I was on vacation last week, thus excusing myself from blog duty, and our vacation this time took us to Monterey, California. First off, I'd like to say that this is definitely a place to which I'd like to return!
If there was one thing I looked forward to on this vacation, it was the opportunity to enjoy fresh seafood. As most of you know, New Mexico is quite landlocked and the majority of the seafood we get here has been out of the sea for quite some time.
As we headed into Monterey from our little KOA cabin in Prunedale (yes, don't laugh!), we drove through a town called Castroville. This town's claim to fame is that it is the artichoke capital of the world. And maybe we just didn't notice it before in other places, but artichokes are the "in" veggie for appetizers and meals, as we discovered when we were offered a complimentary appetizer at a place called The Fish Hopper and we chose this:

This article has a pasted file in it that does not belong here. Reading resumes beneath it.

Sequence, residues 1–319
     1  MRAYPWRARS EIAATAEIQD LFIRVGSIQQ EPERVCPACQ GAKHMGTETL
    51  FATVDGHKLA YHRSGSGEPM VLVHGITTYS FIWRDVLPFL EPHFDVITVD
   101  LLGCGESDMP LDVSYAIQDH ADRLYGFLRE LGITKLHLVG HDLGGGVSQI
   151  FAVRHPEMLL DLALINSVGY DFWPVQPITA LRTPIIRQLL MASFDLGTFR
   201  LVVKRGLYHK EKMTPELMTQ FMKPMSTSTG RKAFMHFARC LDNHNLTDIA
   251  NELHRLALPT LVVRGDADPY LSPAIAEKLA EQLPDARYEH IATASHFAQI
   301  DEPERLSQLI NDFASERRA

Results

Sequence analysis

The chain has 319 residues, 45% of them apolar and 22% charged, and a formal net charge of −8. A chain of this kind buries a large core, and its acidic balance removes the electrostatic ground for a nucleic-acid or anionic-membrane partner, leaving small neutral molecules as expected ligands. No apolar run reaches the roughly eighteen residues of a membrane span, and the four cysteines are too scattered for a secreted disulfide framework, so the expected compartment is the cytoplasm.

Trust me when I say that Paul and I thought it delicious (our son was not quite as convinced) but it suggested the post topic to me: How did anyone ever look at an artichoke and think "Wow, I'll bet that would be really good to eat!"
Artichokes do not look appetizing and, in fact, take a bit of work to eat. The outer leaves are usually too tough to eat and it can be a struggle to get to the heart. Even so, they make a delicious addition to antipasto and, when mixed with spinach, mayonnaise, and cream cheese, make a wonderful dip. But to see one in its original state, who would know?
The same goes for crabs. We feasted (there is no other word for it) on Dungeness crab while we were in Monterey. It was the highlight of the trip.
But let's face it; not only is crab not exactly a beauty contest winner in the looks department, it also fights back, and painfully, when it is caught and about to be prepared. Who was the brave soul who looked at a crab and thought, "Even if I lose a thumb, it will be worth it for this gastronomic delight"?
I take my hat off to the many brave souls who overcame initial reactions to allow us to eat things like kiwi fruit, escargot, shell fish, etc. and the even braver souls who tasted the first olives (fresh off the three, ugh!) and worked some magic to make them edible. People think I'm brave to try new foods, but I'll never top the bravery of the people who first discovered that those foods were not just edible, but delicious.
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